MetLife Reaches Deal with Claims Specialists in OT Suit

Three disability claims specialists have reached a settlement with MetLife to resolve their $50 million suit that accused the insurance giant of denying the workers overtime pay and classifying them as overtime exempt, according to a New York federal court order issued Friday.

MetLife and the workers — Debra Julian, Stephanie McKinney and Kimberly Harris — notified the court on Thursday that they had reached a settlement to resolve the lawsuit, which claimed the company violated the Fair Labor Standards Act when it withheld overtime premium pay from workers. The details of the deal have not yet been provided to the court.

"The court has been advised that the parties in this FLSA action have reached a settlement," U.S. District Judge Alison J. Nathan wrote Friday.

Judge Nathan said the details of the settlement, and a letter explaining why it should be approved, should be provided to the court no later than March 17. Then the court will review the agreement to determine if it is fair, the judge said.

Judge Nathan also said the court is unlikely to approve the agreement if it contains a confidentiality provision or a general release from all liability.

The lawsuit began in 2017, when the workers filed suit demanding $50 million in unpaid overtime pay from MetLife. The claims specialists had originally filed the suit as a proposed class and collective action in which they alleged that MetLife's pay practices violated the FLSA as well as the New York Labor Law, the Connecticut Minimum Wage Act and the Illinois Minimum Wage Law.

In their third amended complaint, the specialists alleged that before 2013, they were classified as hourly employees who received overtime pay. But in November 2013, they said, MetLife reclassified the specialists as exempt without changing their job duties.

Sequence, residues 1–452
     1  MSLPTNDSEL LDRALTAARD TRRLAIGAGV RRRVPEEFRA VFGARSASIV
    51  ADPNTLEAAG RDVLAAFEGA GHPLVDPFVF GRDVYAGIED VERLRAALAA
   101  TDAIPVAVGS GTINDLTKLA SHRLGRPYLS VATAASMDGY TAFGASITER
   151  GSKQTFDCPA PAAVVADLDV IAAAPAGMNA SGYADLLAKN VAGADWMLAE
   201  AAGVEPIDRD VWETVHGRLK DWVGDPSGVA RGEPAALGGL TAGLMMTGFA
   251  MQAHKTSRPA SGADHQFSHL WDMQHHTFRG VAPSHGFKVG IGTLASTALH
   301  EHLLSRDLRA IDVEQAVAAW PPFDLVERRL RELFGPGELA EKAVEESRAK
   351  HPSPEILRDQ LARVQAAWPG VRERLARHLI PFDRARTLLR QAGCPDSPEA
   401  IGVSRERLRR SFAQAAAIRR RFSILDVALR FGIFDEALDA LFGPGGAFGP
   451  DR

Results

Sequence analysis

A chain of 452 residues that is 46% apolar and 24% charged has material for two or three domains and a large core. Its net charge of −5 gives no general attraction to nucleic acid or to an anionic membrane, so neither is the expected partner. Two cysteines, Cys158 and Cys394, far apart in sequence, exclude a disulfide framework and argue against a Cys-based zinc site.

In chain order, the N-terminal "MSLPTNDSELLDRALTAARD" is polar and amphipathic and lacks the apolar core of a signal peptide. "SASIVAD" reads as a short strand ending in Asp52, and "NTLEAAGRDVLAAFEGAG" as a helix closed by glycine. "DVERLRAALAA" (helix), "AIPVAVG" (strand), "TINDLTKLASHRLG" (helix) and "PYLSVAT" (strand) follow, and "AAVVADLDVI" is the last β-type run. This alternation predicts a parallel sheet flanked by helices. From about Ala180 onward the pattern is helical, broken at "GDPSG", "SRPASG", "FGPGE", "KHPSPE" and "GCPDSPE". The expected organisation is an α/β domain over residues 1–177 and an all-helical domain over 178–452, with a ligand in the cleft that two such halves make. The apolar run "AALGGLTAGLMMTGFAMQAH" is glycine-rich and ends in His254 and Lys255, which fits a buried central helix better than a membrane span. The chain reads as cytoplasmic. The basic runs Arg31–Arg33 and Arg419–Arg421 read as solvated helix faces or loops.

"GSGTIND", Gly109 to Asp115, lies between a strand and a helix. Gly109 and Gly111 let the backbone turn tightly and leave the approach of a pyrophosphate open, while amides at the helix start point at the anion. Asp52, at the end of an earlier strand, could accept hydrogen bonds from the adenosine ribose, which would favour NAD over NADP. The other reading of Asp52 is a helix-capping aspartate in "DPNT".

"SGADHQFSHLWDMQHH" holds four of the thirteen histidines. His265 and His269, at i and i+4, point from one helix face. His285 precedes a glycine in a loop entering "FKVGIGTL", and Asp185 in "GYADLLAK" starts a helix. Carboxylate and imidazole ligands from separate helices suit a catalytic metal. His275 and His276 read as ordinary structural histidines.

Since then, the specialists gained conditional collective certification but saw their collective decertified in August 2020. Their request for class certification was also denied. Judge Nathan found that the collective and class lacked enough similarities to determine if all the workers qualified for an overtime exemption.

MetLife also nabbed a partial summary judgment in August 2021 on McKinney's FLSA claims, but not her claims under Connecticut law, after Judge Nathan sided with the insurance company's argument that McKinney was ineligible for overtime under the administrative exemption. The workers notified the court that they planned to appeal the decision.

In September, MetLife asked the court to separate the three remaining specialists' claims into three distinct trials, arguing that each worker's claims are too different to litigate together. But on Thursday, the parties jointly filed a request to stay discovery and postpone the pending motions before the court because an agreement had been reached.

Kim Friedman, head of U.S. communications for MetLife, told Law360, "We are pleased that our efforts to reach an agreement were successful."

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